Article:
Wasting Water – Session 1
Conduct this session in the classroom.
- Set up a demonstration area in the classroom with water containers (see Materials), salt, an eyedropper, and a globe (if there is no world map displayed in the room). Fill one container with a liter of water. Write "1 liter = 1000 ml" on the board. With each subsequent step, write the measurements on the board—in the form of a mathematical statement, when appropriate. You may choose to ask students to assist in this demonstration.
- Before proceeding with the demonstration, place a bucket underneath a dripping faucet, and note the time. Allow the faucet to leak until the end of Session 1; the results will be used in Session 2. (If a faucet is not available you can suspend a gallon jug over the bucket. Prick the bottom of the jug with a pin or small nail to allow drops to escape.)
- Tell students that the liter of water represents all the water on the earth. Pour 30 ml of the water into a second container. Ask students what they think the remaining 970 ml represents. Pour a tablespoon of salt into the 970 ml of water to help students see that the water represents the oceans. Point out on the globe or a world map the extent to which the oceans cover the earth.
- From the container holding 30 ml of water, pour 6 ml into a third container. Again look to the globe or world map and ask what the remaining 24 ml might represent (ice caps at the North Pole and South Pole).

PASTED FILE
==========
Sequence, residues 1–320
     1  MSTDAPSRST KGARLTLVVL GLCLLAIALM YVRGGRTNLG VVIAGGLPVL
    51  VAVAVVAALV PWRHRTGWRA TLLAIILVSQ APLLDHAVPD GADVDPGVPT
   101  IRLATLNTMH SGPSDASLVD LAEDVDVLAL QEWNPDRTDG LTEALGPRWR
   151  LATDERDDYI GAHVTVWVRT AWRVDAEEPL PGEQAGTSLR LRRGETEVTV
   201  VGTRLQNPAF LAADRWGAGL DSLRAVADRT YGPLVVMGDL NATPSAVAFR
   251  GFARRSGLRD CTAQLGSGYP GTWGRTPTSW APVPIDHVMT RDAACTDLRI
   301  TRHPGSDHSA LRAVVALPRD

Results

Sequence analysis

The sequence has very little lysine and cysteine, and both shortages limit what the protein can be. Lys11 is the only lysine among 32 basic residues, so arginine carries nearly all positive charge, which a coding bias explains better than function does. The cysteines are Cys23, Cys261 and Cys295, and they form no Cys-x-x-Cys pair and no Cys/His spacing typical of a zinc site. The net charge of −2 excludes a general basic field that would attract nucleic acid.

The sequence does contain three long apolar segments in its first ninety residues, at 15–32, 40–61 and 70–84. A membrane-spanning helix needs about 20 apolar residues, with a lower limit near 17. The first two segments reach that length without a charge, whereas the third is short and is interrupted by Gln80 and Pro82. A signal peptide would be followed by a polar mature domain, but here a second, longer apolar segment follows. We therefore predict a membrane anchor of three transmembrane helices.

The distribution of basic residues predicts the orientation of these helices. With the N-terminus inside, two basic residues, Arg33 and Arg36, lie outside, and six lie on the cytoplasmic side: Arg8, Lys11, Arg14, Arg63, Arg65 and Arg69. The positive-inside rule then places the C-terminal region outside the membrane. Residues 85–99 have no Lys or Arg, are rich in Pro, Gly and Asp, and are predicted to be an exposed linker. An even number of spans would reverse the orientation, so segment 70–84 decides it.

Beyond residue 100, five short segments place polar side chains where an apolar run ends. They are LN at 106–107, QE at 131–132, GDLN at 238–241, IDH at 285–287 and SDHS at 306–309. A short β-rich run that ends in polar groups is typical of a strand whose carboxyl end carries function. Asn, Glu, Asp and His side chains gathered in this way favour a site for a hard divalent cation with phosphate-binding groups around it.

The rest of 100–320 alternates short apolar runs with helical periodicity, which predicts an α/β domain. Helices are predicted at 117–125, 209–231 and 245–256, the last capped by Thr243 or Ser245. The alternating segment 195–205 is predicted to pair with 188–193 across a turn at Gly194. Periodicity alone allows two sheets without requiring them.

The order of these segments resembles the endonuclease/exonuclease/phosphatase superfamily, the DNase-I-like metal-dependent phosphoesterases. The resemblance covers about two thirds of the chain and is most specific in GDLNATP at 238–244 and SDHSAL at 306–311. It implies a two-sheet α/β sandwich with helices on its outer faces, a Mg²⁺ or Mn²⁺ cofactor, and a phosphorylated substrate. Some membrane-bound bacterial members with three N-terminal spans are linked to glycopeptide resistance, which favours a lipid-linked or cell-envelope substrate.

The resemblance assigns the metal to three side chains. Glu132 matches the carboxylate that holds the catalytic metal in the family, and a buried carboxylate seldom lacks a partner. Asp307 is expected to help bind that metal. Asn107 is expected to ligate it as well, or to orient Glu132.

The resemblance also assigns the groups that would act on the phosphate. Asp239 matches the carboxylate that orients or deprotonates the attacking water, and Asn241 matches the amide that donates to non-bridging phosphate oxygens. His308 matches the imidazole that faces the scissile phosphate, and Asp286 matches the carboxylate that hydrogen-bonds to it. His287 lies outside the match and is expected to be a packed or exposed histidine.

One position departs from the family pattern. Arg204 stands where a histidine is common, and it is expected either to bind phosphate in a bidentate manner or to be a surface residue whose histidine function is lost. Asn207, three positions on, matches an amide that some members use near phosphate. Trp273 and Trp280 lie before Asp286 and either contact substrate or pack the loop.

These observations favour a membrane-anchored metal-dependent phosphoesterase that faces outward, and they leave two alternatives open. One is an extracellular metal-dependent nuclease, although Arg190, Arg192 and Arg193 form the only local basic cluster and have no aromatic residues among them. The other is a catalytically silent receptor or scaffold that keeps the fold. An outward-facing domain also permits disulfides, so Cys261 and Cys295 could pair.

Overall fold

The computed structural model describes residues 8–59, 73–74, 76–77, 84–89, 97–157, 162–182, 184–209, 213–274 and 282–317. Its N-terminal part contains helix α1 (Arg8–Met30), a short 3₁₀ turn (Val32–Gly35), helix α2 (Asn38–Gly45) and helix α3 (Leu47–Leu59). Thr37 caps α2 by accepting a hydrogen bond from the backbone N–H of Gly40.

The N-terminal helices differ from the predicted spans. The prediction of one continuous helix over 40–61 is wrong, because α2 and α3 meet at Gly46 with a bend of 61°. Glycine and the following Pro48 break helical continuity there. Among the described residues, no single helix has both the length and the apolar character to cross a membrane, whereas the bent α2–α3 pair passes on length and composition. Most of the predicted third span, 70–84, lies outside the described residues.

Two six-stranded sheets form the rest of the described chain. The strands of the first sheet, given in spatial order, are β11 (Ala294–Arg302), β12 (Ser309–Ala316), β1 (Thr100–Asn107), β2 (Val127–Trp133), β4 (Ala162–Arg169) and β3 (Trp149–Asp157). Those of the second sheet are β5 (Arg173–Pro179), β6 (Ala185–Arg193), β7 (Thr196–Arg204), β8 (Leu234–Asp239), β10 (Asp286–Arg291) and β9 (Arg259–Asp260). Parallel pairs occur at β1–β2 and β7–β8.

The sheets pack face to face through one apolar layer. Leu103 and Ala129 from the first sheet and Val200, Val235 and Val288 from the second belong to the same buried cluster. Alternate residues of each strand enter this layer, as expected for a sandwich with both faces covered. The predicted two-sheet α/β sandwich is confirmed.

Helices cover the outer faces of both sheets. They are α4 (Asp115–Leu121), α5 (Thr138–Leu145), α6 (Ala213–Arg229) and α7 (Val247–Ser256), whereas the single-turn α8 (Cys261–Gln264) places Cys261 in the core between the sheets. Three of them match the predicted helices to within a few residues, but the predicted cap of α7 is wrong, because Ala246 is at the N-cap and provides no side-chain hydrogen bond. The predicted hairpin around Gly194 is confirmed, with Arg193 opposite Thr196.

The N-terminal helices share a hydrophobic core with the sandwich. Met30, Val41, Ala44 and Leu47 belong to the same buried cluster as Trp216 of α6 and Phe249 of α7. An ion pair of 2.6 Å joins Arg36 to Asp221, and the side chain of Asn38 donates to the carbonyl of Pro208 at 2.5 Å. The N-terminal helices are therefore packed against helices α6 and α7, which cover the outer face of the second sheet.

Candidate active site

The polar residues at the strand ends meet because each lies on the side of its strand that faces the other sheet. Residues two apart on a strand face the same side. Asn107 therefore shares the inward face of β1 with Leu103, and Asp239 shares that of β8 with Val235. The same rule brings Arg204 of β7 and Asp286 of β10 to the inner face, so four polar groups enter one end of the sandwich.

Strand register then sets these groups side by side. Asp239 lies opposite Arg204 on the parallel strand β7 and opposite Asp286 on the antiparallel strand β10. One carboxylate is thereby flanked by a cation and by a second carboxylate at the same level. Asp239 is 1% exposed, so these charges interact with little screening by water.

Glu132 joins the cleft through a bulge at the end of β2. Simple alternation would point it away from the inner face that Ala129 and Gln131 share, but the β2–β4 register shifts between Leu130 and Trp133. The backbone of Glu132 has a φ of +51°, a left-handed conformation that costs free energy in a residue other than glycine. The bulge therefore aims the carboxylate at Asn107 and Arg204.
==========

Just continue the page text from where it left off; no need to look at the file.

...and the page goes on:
- The third container with 6 ml of water represents that water that is not in the oceans and not part of the ice caps. Ask students if they believe the water represented by the 6 ml is usable. Ask what might make the water unusable. (Some of it is polluted; some is trapped underground and unreachable.) Ask students to estimate how much of that 6 ml is actually usable.
- With the eyedropper, put one drop of water into a fourth container. Explain that the drop represents all the useable water available on earth—8.4 million liters per person.
- Have students write a paragraph that summarizes the demonstration and the volumes of water that were used. Instruct them also to include their reaction to the revelation that such a small fraction of the earth's water is available for us to use.
- When students have completed their paragraphs, turn off the dripping faucet (or remove the jug), and record the length of time that the faucet (or jug) dripped. Keep the water in the bucket until you are ready to conduct Session 2.